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Cas City Forum Hall & CAS-L  |  CAS TOPICS  |  Shooter's Meeting (Moderators: Marshal Halloway, Camille Eonich, Texas Lawdog)  |  Topic: Laminated steel shotgun barrels 0 Members and 1 Guest are viewing this topic. « previous next »
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Troublesome River
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« on: October 05, 2007, 02:23:12 pm »


Howdy all,
I was at alocal gunshow last weekend and found an old s/s 12 gauge that I'm thinking of buying to complete my CAS weaponry.
It's marked "LACLEDE" on the barrels, has French-style back-action locks, and except for a crack in the wrist and a slightly dark bore that looks like it could do with a good cleaning, the action and everything seem to work very well for an old gun.
   The only thing that bothers me is the fact that it's also marked "laminated steel" on the barrels. Does this mean that they're wire Damascus barrels does it? I've heard the stories about these barrels not standing up, and plan on using bp loads but I would rather not waste the $225 price and taking a chance of something going wrong. Can anyone help?

                                                                                                                                    Troublesome
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« Reply #1 on: October 05, 2007, 02:30:26 pm »

Laminated steel is similar to twist steel.  a touchy subject on any of these if they should be shot with any load.  Hidden corosion and/or a slag pocket can make them dangerous.  My thought, I would never shoot one until it had been reproofed by someone capable of doing it.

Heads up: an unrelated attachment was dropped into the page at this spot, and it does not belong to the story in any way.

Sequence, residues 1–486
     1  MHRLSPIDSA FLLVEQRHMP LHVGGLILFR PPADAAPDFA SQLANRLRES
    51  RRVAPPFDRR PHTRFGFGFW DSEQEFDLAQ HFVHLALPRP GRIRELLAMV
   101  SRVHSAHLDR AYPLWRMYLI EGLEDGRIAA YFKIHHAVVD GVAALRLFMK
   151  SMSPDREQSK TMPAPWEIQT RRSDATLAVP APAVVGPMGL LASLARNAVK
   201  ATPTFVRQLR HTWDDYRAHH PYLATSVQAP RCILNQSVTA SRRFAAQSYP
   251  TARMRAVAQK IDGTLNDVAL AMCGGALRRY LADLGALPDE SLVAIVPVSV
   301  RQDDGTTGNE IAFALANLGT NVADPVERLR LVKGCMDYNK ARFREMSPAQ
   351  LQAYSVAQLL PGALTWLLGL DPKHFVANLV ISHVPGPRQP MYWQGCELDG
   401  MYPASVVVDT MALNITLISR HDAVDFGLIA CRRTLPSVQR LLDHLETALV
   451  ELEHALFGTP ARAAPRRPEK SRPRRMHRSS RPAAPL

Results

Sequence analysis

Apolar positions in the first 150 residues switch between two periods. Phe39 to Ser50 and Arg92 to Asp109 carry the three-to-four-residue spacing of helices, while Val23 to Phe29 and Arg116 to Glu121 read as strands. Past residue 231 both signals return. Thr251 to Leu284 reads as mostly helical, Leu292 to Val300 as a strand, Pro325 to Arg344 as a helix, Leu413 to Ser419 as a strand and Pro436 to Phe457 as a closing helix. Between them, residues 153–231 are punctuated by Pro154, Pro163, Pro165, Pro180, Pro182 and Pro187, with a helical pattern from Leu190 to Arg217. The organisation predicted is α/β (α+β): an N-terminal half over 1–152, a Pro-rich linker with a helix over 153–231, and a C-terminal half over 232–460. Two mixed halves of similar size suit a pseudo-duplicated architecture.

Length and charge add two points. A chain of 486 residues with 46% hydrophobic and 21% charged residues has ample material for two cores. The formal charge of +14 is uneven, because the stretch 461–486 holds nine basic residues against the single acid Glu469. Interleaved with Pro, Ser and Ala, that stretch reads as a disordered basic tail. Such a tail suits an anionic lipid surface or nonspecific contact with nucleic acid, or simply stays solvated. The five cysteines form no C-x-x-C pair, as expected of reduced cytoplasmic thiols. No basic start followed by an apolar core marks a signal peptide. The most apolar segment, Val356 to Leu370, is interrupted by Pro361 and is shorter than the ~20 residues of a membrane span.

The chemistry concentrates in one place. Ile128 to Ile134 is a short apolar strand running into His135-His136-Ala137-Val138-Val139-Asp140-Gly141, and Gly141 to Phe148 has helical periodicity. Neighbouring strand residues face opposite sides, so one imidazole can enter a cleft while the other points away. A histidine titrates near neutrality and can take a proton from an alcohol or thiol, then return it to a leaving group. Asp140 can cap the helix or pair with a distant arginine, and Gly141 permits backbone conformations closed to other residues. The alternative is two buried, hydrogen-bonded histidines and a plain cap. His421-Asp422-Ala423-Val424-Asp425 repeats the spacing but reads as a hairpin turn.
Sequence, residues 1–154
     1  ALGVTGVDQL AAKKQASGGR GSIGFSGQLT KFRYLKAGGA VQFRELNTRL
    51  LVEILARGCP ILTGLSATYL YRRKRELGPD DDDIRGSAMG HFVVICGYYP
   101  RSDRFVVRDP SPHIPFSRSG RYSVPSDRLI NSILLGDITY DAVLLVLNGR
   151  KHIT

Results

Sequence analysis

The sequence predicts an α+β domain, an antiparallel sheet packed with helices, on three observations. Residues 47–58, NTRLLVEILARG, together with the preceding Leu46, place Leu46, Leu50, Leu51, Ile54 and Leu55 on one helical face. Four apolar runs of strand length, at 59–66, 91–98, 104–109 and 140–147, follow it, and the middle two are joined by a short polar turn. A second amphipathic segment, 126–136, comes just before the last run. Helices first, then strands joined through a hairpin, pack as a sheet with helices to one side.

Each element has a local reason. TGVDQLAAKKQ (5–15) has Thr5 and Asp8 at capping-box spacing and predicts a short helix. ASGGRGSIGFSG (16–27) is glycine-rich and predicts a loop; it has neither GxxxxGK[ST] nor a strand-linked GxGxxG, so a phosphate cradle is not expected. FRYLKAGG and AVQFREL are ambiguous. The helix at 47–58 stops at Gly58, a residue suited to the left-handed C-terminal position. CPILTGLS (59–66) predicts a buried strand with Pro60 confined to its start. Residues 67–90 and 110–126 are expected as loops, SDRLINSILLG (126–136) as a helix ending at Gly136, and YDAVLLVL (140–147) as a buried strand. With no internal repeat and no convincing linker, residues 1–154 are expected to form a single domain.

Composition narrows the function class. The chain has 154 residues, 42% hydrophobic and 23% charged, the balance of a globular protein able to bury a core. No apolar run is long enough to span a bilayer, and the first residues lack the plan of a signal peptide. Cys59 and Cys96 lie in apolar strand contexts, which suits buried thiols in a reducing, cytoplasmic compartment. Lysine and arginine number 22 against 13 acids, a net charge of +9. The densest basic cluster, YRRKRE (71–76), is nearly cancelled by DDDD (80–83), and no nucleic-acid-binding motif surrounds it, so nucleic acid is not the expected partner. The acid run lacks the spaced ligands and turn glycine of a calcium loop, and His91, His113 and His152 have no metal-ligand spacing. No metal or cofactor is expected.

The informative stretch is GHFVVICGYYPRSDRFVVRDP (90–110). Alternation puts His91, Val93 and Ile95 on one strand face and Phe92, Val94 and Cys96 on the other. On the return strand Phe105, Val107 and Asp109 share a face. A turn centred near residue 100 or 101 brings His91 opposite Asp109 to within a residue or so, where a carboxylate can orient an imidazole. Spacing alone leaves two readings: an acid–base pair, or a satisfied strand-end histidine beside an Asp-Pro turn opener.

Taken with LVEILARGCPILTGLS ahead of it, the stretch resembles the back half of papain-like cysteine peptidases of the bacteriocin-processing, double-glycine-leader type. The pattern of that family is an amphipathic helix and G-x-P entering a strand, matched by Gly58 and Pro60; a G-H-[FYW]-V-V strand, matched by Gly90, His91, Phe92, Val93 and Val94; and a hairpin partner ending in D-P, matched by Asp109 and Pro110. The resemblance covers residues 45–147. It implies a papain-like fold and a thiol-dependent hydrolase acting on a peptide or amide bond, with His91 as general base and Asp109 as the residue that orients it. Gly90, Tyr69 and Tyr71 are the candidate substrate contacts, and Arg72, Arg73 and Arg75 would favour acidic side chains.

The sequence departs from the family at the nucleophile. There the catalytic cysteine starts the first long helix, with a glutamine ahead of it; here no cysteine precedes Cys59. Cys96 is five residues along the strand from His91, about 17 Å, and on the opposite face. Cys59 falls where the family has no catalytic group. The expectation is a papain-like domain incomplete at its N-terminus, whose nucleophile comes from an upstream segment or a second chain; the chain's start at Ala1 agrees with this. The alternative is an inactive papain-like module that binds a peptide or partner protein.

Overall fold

Others may have other opinions, but I like my face and hands the way they are.
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Driftwood Johnson
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« Reply #2 on: October 06, 2007, 03:11:41 am »

Howdy

I agree. Laminated steel barrels are similar to Damascus barrels, with a slight difference. Damascus barrels are not made of 'wire'. The technique was to first make up square billets by welding together alternating strips of iron and steel into a square billet. The billet started out about 2 1/4" square by about 20" long. The billet was then heated in a furnace and drawn through rollers until it was about 1/4" square and about 16 FEET long. The next step was to heat the billet again and twist it like a piece of taffy until it looked like a miniature barber pole. Finally 3 or more of these twisted billets were wrapped around a mandrel and welded togther seam to seam. When the mandrel was removed a reamer was run through the bore to smooth out all the seams, and the outside of the barrel was turned to smooth out the seams on the outside. The end result was the distinctive 'Dasmascus' pattern of swirling marks repeated endlessly along the length of the barrel. The swirls were the intertwined pieces of iron and steel, and the pattern was controlled by how the billets were laid up in the first place.